Picking up on Cape Town's transformation gap, this year's MCQP has initiated an integrated outreach programme. 'With the support of Triangle Project, the MCQP experience will reach up to 30 new gay and lesbian individuals from previously disadvantaged backgrounds in Cape Town.' Vorster explains. 'The group will participate in workshops covering all the various areas relevant to the MCQP event, such as the party theme and team concept, costume planning, team co-ordination etc. They will be exposed to the planning, marketing and pre-production of the party and toured around the venue to see everything coming together. On the night they will be transported to and from the Artscape Gardens to attend the party and receive an allowance to complete their MCQP experience.'

MCQP's Jungle Fever takes place on 18 December 2004 at Artscape Garden. And to crib directly from the flyer, 'Go Ape, Our Bush is Better, Tame your Tiger, De-flower a delicious-monster Dyke, Explore Galore, Climb on Jungle Jim, Frolic with a feather-boa constrictor, Feel De vine, Mingle with Moffies in the mist, Boogie in the Bundu, Man-eating plants guaranteed.'

Another thing Cape Town has become relatively famous for, amongst the world's mongers, hippies and esoteric, electronic music loving pixies, are the outdoor Trance Parties. Blessed with fabulous natural environments and a hot, dry summer, the Cape Town trance party scene has inserted itself as part of the global trance subculture along with destinations like Goa in India, Kho Pangaan in Thailand and lots of fields across Western Europe. Excitingly, trance parties are the preferred natural environment of a particularly shy and reticent species of Capetonian, who otherwise reside under windchimes and dreamcatchers in Noordhoek or on small holdings in Parow. Often written off as 'hippie kak' by upcountry types who mistake trance parties for Joburg style 'raves', the natural environment and depth of the subculture attracts trance-tourists from as far afield as Japan, Israel and the Americas. If psychedelics, trance music, stomping around in the dust and sleeping in a tepee village is your bag then check out the Vortex and Alien Safari events, or pick up a copy of Cape Town's trance zine, Movers & Groovers.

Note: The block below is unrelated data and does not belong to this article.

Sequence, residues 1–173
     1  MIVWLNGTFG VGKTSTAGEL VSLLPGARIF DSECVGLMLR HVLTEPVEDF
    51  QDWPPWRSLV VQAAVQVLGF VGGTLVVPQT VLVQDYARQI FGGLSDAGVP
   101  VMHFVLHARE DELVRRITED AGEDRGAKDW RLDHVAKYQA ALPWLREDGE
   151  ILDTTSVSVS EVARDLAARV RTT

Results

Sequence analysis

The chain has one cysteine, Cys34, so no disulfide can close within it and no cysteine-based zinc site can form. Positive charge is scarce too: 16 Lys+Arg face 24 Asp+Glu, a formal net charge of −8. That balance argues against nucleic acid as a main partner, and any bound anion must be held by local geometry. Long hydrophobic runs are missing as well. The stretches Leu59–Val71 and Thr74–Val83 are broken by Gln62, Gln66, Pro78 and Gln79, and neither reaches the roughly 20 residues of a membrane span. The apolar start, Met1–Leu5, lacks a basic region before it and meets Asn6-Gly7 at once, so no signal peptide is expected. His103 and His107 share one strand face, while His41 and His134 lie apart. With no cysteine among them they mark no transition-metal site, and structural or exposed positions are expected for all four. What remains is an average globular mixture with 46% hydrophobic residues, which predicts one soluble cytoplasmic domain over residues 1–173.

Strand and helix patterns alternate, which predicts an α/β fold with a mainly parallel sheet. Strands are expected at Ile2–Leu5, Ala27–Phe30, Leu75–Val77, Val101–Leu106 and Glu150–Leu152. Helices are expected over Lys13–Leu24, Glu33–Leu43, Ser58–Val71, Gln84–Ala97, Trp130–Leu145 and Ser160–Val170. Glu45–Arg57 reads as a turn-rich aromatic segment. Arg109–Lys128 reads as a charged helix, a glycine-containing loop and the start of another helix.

Being careful to avoid the Long Street crush and the generic house club vibes of the City Bowl, Cape Town boasts great live music, if you can find it. The music listings page of the M&G are always a good place to start. Look out for local bands like Freshlyground, Plush, Fokofpolisiekar, Moodphase5ive, Arno Carstens, 7 th Son, African Dope Sound System, Black Noise and a load of upcountry imports like Bongo Maffin, Tumi & The Volume, Fuzigish, 340ml, Zola, Johnny Clegg and co. Live music events in Cape Town often attract more diverse and integrated crowds, so they are a good bet for the apartheid guilt-afflicted, socially responsible nightcrawler. Probably the best live music venue in the city is Kirstenbosch Gardens, with their summer Sunday evening gigs. Chill on the lawn in the splendour of the marntin (Capetonian for 'mountain'), grooving to live local tunes in the late afternoon sunshine. Alternatively you can feel like a student, sip Klippies and Coke and rock an intimate gig at the Independent Armchair Theatre in Obz, mix it up with all the tourists to live Zimbabwean xylophones at Mama Africa on Long Street or catch any of the suburban subcultures, from Afrikaans straight-edge punk to Llandudno trustafarian reggae and militant street style hip hop from the Flats at The Mercury Live in Gardens, depending on who's playing.

Whatever you're into, Cape Town only rocks the international city status for three months of the year. Enjoy the nightlife while it lasts, Cinderella becomes a pumpkin at the end of February.